Indeed, when it was first produced on Broadway in 1975, The Wiz was considered a landmark show due to the fact that it featured an all-black cast. But have attitudes changed over the years? Josette says: “In terms of diversity there have been extraordinary changes in my lifetime. Yet there are still things that make my mouth drop open. But what I do know is that we are in a country where those can be dealt with. In other countries that would not be the case. So, yes, I think it’s moved on; yes, I think more can be done; yes, I think the arts are in a prime position to do that work and continue doing it.”

Through her current role as artistic director of The Silent Theatre in Stockholm, Sweden, where she is based, Josette has had the chance to see how differently that country has tackled the issue. She says: “It’s a complete reverse. Not just because it’s a majority white community; there is a very strong and large African, Afro-Caribbean community there, but their policies are not in place when it comes to diversity. There’s no equal opportunities policy, which, whether people like it or not here, gives us a benchmark. It gives us something to fight against and to use to stand up against. We have developed this and I’m very proud of it. In Sweden, it’s revelatory what’s not in place and what’s allowed to be said and done, particularly within the arts. I tend to use a lot of my experience in the UK to say what’s possible.” She continues: “At the end of the day I’m interested in telling exciting, universal stories. And the idea of diversity is in the DNA of it. For me, it’s fun and interesting and dynamic.”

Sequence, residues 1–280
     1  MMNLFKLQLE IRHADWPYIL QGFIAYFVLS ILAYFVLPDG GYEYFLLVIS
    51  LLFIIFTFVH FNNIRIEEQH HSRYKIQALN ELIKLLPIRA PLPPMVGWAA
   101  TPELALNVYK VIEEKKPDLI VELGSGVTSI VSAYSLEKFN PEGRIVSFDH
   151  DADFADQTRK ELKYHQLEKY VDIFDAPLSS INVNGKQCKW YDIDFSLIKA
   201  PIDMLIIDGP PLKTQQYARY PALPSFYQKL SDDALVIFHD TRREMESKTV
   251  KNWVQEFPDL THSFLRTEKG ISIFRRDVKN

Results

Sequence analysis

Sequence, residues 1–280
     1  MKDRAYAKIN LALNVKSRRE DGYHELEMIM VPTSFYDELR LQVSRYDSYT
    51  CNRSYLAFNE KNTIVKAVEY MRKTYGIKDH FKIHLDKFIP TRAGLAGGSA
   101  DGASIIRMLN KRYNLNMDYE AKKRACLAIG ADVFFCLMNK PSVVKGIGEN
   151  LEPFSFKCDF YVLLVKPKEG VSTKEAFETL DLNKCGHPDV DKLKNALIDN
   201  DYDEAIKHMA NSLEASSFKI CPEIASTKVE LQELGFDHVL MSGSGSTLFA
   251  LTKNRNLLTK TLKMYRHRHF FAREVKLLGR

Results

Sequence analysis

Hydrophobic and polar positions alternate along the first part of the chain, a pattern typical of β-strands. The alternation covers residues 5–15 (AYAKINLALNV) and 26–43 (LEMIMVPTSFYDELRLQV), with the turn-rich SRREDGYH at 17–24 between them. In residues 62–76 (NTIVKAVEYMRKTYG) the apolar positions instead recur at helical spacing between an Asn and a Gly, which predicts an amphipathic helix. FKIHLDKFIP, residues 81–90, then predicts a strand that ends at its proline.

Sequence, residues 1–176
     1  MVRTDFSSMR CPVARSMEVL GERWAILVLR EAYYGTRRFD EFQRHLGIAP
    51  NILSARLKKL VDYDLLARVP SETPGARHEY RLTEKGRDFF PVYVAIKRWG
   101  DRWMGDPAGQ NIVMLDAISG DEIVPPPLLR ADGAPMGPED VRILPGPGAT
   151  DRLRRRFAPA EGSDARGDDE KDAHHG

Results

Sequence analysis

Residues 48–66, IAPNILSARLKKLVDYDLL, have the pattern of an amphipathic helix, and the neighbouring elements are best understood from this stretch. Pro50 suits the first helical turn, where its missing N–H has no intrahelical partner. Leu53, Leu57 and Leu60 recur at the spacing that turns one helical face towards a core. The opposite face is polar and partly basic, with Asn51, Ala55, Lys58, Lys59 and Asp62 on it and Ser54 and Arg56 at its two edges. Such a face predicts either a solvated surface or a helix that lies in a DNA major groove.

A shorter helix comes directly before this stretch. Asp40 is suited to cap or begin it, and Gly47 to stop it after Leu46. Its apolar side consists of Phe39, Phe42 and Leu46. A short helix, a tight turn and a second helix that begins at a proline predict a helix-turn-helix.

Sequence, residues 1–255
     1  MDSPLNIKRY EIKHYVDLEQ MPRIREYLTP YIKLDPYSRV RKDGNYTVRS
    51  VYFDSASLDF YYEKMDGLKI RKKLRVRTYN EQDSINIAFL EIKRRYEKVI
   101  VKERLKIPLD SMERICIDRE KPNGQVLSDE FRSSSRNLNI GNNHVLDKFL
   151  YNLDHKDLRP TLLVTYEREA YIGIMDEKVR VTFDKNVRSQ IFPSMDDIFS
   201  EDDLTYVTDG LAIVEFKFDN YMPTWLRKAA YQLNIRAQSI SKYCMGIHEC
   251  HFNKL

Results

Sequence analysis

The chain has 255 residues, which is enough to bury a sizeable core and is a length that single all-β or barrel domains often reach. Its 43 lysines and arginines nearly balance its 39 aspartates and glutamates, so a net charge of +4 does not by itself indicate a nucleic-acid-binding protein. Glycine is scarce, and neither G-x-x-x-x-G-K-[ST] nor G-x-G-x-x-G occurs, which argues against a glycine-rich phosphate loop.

As well as her work in Sweden, Josette is the artistic director of Push, an organisation set up for the promotion and development of Black British Theatre, and has an impressive list of credits both as a director and actor, including a 1999 Olivier Award nomination for her performance as Rafiki in The Lion King. She was also awarded an OBE in 2006. Of her varied CV, Josette says: “Everything I do comes from a central fire of communicating ideas and giving an audience a thrilling time. As an actress I was able to do it; as a director I’m able to do it; as a teacher I’m able to do it, which is asking some fundamental questions about who we are as human beings. What makes us different, and what makes us the same?”

For her latest production, Josette seems to have struck a chord with audiences of all ages. She says: “We were packed in Birmingham, and I would never have believed it. I mean, packed from the rafters. There’s something about it that’s catching people.” And she’s positive about how the show will fit into its new home at the West Yorkshire Playhouse. “It’s got a very epic, but very intimate feel about it. I’ve got a great crew and cast, particularly the creative team, so there’ll be a lot of eyes on it; a lot of experience.”

So what can Playhouse audiences expect from The Wiz? Josette says: “Audiences can expect an explosion. A firecracker of a production, packed with wonderful performances, and I think they will be so proud of their Leeds.” She adds: “For me, what’s exciting is there will definitely be a Leeds character about it. It’s a new cultural retelling of a story with everything; we’ve got Dorothy and the Lion and the Tinman and the Scarecrow. They’re all there, but with a completely different slant. Most of all I think that audiences will be touched by the story of Dorothy and that home is here in Leeds.”

The Wiz will be at the West Yorkshire Playhouse in Leeds from 24 June to 16 July 2011. For tickets, contact the box office on 0113 213 7700 or visit www.wyp.org.uk.